The Art of Skateboarding: Woodpoint & Kingsland’s Artist-Designed Skate Decks

Woodpoint-Kingsland

As a teenager artist Brian Alfred, who has done murals for Rag & Bone is known for his paintings, animation and collages of the role of technology in society, was deeply embedded in skate culture. “I loved the stickers, the shirts, the graffiti, the magazines, all that stuff,” says Alfred. In 2011 Alfred started a Brooklyn-based company called Woodpoint & Kingsland that fused art and commerce, partnering with artists “to create a platform for art and clothing to merge.”  Alfred recently found a way incorporate his passion for skateboarding with Woodpoint & Kingsland with a series of artist-designed skate decks.

“Artists designing skateboards has been done before, but we really wanted to take it to the next level,” says Alfred.

So the Alfred called on artists in his inner circle like Diana Al-Hadid, Kevin Appel, Jacob Hashimoto, Laurel Nakadate and Tomokazu Mastuyama and gave them free reign. He also went beyond that, expanding into reaching out to artists whose work he admired, along with younger, emerging artists. “I try to be diverse in the artists I choose — abstract painters, figurative painters, photographers, sculptors,” says Alfred. “If I respond to the work and feel it would make a good fit, I try to make it happen.”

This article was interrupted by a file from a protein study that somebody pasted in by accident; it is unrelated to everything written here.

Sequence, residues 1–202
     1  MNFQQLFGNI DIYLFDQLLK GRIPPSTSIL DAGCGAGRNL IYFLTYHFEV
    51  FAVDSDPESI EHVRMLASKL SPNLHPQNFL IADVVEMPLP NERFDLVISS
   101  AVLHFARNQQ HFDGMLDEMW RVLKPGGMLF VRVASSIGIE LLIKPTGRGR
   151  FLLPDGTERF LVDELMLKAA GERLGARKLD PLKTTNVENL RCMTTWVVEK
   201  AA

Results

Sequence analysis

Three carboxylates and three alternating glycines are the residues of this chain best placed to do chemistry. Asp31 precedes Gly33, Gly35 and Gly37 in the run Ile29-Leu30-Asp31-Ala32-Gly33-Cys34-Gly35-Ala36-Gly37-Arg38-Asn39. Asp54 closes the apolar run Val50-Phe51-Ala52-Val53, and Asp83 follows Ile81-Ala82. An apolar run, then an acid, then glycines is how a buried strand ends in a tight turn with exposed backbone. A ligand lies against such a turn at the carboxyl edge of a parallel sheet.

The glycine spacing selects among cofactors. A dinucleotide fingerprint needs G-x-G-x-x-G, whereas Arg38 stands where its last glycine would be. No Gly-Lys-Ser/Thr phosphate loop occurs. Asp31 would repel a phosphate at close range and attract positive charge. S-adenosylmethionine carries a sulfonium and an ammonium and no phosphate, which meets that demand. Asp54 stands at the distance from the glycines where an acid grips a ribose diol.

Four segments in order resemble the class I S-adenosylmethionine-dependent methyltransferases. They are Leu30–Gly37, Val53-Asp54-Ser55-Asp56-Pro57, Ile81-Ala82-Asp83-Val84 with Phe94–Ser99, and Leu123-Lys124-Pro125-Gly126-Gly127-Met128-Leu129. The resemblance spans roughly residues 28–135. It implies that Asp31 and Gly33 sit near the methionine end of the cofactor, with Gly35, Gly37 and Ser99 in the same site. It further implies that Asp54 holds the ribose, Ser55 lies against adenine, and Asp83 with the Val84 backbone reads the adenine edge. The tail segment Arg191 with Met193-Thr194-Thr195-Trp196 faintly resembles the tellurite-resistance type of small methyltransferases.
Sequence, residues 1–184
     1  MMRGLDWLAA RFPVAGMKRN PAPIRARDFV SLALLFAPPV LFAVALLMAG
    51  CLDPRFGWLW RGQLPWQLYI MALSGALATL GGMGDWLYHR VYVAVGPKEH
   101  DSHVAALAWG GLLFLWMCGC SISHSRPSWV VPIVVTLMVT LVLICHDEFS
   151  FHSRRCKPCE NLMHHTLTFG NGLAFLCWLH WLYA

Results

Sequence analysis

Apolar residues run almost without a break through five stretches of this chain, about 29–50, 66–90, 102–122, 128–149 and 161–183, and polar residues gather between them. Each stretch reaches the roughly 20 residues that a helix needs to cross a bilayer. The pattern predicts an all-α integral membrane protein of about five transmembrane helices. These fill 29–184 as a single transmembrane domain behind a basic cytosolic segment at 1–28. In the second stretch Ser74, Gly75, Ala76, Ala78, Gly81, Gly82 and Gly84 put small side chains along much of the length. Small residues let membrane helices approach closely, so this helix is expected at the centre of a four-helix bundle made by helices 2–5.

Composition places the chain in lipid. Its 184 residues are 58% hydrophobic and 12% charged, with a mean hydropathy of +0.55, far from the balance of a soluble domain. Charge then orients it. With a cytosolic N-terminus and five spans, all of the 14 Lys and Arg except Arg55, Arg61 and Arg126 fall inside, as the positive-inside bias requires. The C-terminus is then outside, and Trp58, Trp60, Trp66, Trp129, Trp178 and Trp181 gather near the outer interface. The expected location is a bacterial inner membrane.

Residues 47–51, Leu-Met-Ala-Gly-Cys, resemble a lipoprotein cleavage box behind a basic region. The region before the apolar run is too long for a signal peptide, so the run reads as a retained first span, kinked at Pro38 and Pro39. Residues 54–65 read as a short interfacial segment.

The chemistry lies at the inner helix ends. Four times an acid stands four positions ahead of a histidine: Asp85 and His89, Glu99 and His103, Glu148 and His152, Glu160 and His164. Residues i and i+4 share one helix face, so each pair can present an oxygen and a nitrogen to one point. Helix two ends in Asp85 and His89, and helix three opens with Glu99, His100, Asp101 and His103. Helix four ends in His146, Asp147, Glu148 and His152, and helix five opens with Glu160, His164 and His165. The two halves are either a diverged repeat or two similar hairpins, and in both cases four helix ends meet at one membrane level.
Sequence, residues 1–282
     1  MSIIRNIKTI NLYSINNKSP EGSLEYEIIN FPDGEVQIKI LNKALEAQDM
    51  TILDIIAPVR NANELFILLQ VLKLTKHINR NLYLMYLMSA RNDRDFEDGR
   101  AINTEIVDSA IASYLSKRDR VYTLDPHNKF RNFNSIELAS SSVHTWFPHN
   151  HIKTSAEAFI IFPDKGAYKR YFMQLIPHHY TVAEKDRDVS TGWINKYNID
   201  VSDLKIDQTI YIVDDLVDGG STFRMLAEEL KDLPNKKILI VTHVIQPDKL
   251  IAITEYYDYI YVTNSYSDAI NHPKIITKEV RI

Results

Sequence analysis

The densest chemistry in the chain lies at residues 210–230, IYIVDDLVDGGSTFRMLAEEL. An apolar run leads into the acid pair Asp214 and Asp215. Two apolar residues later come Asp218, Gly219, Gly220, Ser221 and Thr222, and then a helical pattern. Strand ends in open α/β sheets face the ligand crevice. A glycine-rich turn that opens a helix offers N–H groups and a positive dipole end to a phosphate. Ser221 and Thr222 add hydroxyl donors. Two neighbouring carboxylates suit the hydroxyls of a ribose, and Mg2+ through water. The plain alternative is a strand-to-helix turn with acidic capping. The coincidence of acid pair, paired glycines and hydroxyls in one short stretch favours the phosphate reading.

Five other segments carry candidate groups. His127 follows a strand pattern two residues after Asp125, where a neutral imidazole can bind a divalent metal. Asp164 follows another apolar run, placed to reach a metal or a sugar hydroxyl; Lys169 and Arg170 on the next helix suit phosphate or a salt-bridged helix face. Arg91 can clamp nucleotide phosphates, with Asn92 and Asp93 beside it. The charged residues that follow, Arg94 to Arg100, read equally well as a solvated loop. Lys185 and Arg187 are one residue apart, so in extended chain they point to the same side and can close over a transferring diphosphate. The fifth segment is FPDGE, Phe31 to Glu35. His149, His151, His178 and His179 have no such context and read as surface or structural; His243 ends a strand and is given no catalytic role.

Jacob Hashimoto painted a bright, graphic flower-inflected design, while Laurel Nakadate came up with a more involved concept. “She had the idea to have one of her photographs printed out on the deck, then did a performance handing the deck back and forth with her hands covered in black paint,” explains Alfred. “The result was a hand printed deck on both sides over the photo.” Diana Al-Hadid took the remnants of her sculptural pieces and incorporated them on to her skate deck. “It’s so thick and dense,” says Alfred. “It also is a good example of how the artists just seem to come at the project in a slightly different way that their normal work”. Alfred also participated in the skate deck series, painting a clear blue sky over an airport on his board.

Ranging from $400 to $3,000 each, these one-of-a-kind decks are much more affordable than buying an actual canvas or sculpture by the artists. Just don’t try to do any Darkside Grinds, Pop Shove-Its or Ollies on them — unless you don’t mind damaging the art. “I doubt too many people who would buy a one-of -a -kind handmade deck would skate it, but that said, not one artist has expressed the desire for them not to be used,” says Alfred.

For more information, visit woodpointandkingsland.com.